War of the Rebellion: Serial 106 Page 0748 OPERATIONS ON THE PACIFIC COAST. Chapter LXII.

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Situated as the Shubrick is now it is impossible for the character of a vessel to be known until beyond the effective range of the guns of this work; and in the case of a steamer, or even of a sailing vessel with the prevailing westerly winds, the guns on Alcatraz could not be brought to bear upon such a vessel disregarding the Shubrick as promptly as should be the case.

I have the honor to be, sir, very respectfully, your obedient servant,

J. STEWART.

Captain, Third Artillery, Commanding Post.

HEADQUARTERS DISTRICT OF UTAH,

Camp Douglas, Utah Ter., February 15, 1864.

General HENRY W. HALLECK,

General-in-Chief, Washington, D. C.:

GENERAL: I have the honor to acknowledge the receipt of a certified copy of a communication addressed, through the General-in-Chief, to the honorable Secretary of War by Honorable J. F. Kinney,* Delegate from the Territory of Utah, transmitted to me for report, and to submit the following as my views on the several subjects contained in the communicaiton referred to: In regard to the first point made by Mr. Kinney, relating to the location of Camp Douglas, I am not apprised whether the camp is within the limits of Great Salt Lake City, as the authorities may have chosen to prescribe in a charter or describe in an ordinance. For aught I know to the contrary, the Territorial or city authorities may have extended their city jurisdiction on paper over the whole tract of country from the mountains to the Jordan. It was and is a question which has occasioned me neither to make careful authority of the United States as existing here, however little it may be respected by the leaders or masses of the people, and established my camp on what is unquestionably publis domain, never reduced to adverse possession by cities, towns, or private persons, so far as I am aware. I did not recognize the right now claimed by the Legislature or city to embrace a vast region of country for city or any other purposes antagonistic to the interests of the Government wen that Government desired or required any part of such domain. Mr. Kinney is at a loss to understand why General Connor should locate his camp within the limits of a peaceful and loyal city, and why he did not occupy Camp Crittenden. In reply I have to say that Camp Douglas is on the public domain at least two miles distant from the nearest house in the city. It was selected on account of its salubrious and convenient site and abundance of water. The alleged annoyance to the citisens from the fact that one of the several streams running through or near the city is rendered filthy by the presence of the troops is greatly exaggerated, and is in my opinion an excuse for rather than a well-founded cause of complaint. My reasons for locating the camo were at the time of location, and are still, regardedas good and sufficient. First. It was and is desirable that the camp should be at some central point in the district, where supplies of forage could be most advantageously procured and whence roads diverge in all directions - north, south, east, and west. These advantages could best be secured at its present location. Second. I deemed it not only prudent but absolutely necessary to the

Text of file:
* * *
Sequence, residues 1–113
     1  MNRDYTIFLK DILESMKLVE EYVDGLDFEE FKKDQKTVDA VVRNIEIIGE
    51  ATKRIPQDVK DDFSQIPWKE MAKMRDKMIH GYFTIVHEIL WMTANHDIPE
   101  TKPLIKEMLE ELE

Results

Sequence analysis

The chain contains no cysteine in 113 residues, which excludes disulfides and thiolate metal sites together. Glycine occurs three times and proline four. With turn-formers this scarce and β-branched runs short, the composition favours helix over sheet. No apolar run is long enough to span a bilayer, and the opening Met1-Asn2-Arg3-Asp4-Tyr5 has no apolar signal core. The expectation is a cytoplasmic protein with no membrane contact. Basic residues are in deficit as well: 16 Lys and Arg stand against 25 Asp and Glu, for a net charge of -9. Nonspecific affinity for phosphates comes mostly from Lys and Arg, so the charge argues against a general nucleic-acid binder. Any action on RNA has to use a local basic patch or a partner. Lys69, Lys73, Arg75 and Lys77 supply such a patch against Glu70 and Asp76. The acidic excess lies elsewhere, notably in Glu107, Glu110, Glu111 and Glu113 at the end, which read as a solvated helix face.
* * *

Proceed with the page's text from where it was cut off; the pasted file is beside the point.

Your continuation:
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* See Kinney to Halleck, January 4, p. 715.

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